• The Council will institute legal action against the National Police Service.
• At least six journalists were injured during the attack at Kware in Pipeline, Embakasi South.
The Law Society of Kenya has joined the growing list of entities that have condemned the police brutality that was meted on journalists as they covered Azimio demonstrations on Thursday.
President Eric Theuri termed the incident as "barbaric, repulsive and retrogressive" saying Inspector General of Police Japhet Koome should take the blame.
"It's obvious media spotlight is preventing the police from using brutal force on protesters, hence intimidation of media. IG police should take responsibility. He has failed in his responsibility," Theuri said.
The Media Council of Kenya, the sector regulator, said at least six journalists were injured during the attack at Kware in Pipeline, Embakasi South.
MCK chief executive officer David Omwoyo said in a statement on Twitter that most of those targeted were photographers and camerapersons.
In a video that has since gone viral, a plainclothes officer is seen breaking the window of a media vehicle before lobbing a teargas canister in the car.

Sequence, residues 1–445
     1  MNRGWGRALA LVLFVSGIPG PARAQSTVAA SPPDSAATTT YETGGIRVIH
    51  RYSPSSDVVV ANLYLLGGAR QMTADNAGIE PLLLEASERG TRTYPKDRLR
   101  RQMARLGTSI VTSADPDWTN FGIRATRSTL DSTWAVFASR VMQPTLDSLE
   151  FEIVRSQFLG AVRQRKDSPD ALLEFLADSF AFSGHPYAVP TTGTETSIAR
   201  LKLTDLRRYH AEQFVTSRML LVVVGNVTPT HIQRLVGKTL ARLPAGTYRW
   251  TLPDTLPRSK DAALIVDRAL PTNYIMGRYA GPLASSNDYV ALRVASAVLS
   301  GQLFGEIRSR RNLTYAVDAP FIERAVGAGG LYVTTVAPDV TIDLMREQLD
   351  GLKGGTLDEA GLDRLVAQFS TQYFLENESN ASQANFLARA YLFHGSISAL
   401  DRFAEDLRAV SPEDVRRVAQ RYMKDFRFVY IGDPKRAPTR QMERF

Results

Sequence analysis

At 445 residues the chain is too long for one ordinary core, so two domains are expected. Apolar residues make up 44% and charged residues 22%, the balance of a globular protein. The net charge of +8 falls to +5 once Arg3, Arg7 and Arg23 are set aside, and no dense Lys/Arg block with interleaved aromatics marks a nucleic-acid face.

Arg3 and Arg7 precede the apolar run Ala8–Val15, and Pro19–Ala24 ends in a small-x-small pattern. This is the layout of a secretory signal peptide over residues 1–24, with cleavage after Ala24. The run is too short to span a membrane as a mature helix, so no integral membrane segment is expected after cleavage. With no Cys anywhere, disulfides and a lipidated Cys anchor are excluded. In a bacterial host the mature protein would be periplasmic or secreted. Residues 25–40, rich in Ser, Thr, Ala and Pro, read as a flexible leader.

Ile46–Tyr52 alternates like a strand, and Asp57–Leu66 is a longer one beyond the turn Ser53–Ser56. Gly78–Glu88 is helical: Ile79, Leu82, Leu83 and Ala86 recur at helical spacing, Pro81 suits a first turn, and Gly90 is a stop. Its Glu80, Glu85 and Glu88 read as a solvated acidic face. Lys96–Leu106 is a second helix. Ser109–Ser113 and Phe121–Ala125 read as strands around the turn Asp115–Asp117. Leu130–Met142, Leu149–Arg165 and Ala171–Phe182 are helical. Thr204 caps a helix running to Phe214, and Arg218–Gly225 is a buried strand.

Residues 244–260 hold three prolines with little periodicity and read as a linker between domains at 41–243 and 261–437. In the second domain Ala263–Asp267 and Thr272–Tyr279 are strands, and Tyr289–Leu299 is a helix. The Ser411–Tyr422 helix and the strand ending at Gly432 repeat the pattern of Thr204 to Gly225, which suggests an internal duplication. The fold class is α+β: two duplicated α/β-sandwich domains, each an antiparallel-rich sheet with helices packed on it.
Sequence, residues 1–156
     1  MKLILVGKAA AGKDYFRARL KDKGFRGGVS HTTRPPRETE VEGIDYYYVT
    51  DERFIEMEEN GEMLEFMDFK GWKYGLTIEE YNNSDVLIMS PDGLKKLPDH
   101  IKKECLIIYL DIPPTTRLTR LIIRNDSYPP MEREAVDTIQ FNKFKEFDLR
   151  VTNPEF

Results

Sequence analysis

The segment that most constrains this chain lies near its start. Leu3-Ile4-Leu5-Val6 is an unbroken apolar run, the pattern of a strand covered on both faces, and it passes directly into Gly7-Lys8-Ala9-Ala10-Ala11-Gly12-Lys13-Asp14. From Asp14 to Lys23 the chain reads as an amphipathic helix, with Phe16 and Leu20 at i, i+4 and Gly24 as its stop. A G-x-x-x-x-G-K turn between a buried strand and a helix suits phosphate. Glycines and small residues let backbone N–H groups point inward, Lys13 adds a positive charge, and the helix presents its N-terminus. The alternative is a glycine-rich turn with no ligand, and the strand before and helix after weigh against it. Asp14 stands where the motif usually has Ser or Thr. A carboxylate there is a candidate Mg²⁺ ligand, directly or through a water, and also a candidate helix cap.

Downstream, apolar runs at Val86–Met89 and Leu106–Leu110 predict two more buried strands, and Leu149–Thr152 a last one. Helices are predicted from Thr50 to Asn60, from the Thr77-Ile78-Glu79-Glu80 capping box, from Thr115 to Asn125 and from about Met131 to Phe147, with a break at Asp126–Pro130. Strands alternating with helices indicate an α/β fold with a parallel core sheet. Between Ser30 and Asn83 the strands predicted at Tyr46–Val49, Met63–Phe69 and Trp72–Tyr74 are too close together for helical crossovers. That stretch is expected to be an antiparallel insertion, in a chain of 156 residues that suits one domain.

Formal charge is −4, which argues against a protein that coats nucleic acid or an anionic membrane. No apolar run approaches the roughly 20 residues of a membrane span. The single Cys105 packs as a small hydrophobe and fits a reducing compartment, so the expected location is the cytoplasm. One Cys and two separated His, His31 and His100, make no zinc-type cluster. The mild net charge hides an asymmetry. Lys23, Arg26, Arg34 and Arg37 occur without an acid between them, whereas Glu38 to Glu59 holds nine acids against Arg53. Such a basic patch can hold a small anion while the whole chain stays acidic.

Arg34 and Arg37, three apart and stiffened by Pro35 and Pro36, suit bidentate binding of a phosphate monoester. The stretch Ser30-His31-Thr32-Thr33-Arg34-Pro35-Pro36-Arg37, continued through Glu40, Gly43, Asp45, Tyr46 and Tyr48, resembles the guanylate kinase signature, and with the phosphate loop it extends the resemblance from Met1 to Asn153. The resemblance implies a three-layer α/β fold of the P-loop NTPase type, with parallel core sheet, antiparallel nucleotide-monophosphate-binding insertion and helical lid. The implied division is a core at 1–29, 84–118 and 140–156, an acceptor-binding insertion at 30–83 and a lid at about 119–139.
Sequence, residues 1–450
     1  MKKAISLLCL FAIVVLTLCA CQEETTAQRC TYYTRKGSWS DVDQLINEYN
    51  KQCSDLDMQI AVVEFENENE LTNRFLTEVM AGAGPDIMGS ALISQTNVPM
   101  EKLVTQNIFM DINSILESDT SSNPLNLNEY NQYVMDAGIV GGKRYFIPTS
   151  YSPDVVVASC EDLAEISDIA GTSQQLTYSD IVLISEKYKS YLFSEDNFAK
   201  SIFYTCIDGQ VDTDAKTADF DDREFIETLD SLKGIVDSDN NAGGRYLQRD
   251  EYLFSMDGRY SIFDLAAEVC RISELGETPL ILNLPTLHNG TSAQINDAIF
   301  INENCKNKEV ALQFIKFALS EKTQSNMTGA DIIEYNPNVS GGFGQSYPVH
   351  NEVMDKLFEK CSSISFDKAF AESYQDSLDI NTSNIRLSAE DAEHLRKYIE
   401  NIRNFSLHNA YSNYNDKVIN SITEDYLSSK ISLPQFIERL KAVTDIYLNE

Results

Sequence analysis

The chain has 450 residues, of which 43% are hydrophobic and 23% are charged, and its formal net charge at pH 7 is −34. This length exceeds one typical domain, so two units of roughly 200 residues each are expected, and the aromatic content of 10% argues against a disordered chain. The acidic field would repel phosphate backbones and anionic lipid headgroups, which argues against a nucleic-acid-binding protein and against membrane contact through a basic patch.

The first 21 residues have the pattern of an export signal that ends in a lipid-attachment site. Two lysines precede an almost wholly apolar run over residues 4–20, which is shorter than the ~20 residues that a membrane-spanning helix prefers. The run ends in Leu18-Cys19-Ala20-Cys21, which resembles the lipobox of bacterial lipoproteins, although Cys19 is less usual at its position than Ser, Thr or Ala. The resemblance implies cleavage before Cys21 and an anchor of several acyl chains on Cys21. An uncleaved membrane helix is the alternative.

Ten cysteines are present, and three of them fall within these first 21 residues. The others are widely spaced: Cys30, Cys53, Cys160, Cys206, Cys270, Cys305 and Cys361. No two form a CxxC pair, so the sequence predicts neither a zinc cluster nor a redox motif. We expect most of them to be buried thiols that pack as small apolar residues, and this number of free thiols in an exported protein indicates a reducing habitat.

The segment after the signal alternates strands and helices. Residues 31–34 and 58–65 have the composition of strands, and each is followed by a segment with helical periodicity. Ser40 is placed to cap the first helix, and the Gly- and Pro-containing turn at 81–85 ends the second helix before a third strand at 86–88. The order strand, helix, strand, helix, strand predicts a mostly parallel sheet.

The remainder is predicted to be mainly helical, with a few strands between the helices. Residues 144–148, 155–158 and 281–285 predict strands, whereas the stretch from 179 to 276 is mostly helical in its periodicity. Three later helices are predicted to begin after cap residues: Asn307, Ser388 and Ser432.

Omwoyo termed the incidents as acts of hooliganism and criminality whose interest is to destroy any evidence of police acts captured on camera.
MCK Director for Media Training and Development Victor Bwire told the BBC in a radio interview that the Council will institute legal action against the National Police Service.
"This was not coincidental, they were deliberate acts of assault by officers against journalists who were doing their job," Bwire said.
Police were yet to comment on the incident by Friday morning.
Omwoyo said that so far, the Council has documented 25 cases of police harassments, attacks and arrests against local and international journalists since the onset of the mass protests on March 20.
He said 20 of the cases were documented on the second Monday of the mass demonstrations on March 27.